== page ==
I thought I’d continue from my last blog piece talking about heavy current injection earth testing. By talking about a key application where it can potentially deliver much better results than the modern CDEGS approach on your earthing arrangements.
Many industrial sites were built in the 1950s and 60s as industrialisation grew. This, in line with the expansion of the electrical grid, led to a huge program of electrical substation construction around the world. What this means is that some of us own the responsibility of managing sites with ageing transformers, assets and equipment. Which were designed to obsolete standards? Therefore knowing what hazard this presents today, is simply not known.
We’ve already spoken about the changes in modern earthing standards in other articles:
So, it’s clear that these legacy site earthing arrangements won’t comply with modern standards.
Often, detailed construction information either wasn’t documented or has been lost or destroyed through expansion, acquisition etc. For these sites, especially in built-up areas, it’s challenging to build an accurate CDEGS model, which determines whether the site’s earth system is keeping the people that work there safe.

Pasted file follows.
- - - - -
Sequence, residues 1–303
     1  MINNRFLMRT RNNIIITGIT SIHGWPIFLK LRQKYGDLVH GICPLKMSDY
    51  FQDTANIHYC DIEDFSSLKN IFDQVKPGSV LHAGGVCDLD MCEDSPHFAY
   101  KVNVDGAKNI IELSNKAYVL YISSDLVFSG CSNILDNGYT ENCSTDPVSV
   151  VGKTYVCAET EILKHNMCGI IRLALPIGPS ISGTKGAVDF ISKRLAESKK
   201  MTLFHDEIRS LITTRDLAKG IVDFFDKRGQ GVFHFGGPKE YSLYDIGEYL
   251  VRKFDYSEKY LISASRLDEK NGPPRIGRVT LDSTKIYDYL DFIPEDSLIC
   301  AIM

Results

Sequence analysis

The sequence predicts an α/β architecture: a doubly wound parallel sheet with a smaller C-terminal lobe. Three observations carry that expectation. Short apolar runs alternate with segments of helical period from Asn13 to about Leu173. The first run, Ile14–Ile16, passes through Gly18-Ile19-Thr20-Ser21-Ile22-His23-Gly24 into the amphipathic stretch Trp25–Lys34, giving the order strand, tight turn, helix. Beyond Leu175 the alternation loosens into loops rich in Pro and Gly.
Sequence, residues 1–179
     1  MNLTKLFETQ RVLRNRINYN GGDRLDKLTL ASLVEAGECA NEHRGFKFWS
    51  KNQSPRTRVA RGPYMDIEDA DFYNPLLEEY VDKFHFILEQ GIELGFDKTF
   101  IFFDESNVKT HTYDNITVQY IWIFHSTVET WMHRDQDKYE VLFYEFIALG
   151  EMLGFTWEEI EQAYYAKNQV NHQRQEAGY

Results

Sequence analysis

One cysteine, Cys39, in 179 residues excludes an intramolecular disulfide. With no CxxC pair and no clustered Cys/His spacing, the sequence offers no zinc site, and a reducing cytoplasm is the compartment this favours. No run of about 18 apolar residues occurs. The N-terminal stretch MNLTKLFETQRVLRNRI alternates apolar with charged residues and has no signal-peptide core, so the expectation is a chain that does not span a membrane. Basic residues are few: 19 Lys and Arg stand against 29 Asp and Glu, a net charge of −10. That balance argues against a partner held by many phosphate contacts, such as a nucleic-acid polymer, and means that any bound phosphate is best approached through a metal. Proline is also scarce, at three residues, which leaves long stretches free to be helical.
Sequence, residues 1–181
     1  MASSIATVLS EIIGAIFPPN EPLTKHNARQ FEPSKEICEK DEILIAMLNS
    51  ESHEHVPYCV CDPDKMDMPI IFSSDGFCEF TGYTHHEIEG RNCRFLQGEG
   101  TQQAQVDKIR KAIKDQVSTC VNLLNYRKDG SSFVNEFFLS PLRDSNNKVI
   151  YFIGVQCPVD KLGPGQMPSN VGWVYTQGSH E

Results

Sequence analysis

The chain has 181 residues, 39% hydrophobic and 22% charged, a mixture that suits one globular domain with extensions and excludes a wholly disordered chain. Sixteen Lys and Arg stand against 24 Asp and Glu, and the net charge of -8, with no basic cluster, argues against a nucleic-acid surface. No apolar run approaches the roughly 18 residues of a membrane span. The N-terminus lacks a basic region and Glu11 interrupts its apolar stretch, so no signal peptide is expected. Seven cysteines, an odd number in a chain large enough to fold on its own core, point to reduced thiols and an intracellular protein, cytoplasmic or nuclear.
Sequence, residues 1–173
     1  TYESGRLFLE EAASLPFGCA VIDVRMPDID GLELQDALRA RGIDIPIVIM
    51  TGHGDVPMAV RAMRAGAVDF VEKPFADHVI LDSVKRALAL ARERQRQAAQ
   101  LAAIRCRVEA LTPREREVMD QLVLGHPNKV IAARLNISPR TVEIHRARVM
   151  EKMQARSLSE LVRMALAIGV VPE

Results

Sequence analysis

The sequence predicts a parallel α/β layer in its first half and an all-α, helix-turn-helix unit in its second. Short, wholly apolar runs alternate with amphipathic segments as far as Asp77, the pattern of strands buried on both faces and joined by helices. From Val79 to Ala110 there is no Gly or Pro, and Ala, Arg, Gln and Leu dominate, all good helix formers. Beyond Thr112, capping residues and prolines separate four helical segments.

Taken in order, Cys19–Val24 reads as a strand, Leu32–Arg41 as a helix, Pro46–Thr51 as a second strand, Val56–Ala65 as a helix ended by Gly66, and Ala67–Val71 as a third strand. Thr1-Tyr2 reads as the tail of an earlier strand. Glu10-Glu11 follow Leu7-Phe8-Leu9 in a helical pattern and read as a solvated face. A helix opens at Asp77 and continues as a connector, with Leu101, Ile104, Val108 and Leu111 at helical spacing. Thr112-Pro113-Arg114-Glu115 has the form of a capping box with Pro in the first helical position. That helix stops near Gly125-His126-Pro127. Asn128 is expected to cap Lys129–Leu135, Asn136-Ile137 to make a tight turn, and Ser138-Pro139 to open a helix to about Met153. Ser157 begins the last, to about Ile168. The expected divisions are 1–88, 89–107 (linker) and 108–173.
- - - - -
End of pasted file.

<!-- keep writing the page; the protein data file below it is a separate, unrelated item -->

Most of our blog pieces talk about the advantages of CDEGS and other modern computational tools for designing earthing arrangements. However, the computational approach relies on the quality of input data – i.e. garbage in = garbage out. We need to measure the local soil resistivity, and we need accurate drawings of the earth electrode from the site. Sometimes it’s just not possible to track down this sort of information, hence my blog title today – How do I know what’s happening with my ageing earthing arrangements?
For these sites, in particular, using a planned maintenance outage for substantial current injection earth resistance measurements is an absolute no-brainer. Modern measurement techniques allow us to measure the actual earth resistance of the site directly, as well as directly measuring step and touch voltages, without the in-depth data gathering exercise required to build a CDEGS model. This information can be used to determine if the site presents a safe electrical environment for the people working there. If the measurements identify hazardous areas, a small, focussed, design task can be performed, rather than developing an exhaustively accurate model for an entire site.
This measurement process equally applies to substations in built-up areas where traditional fall-of-potential measurements are impractical.
If you want to get rid of the uncertainty surrounding whether the people working in and around your substations are safe, why not get in touch using LiveChat below, or the contact us page to see how we can help you.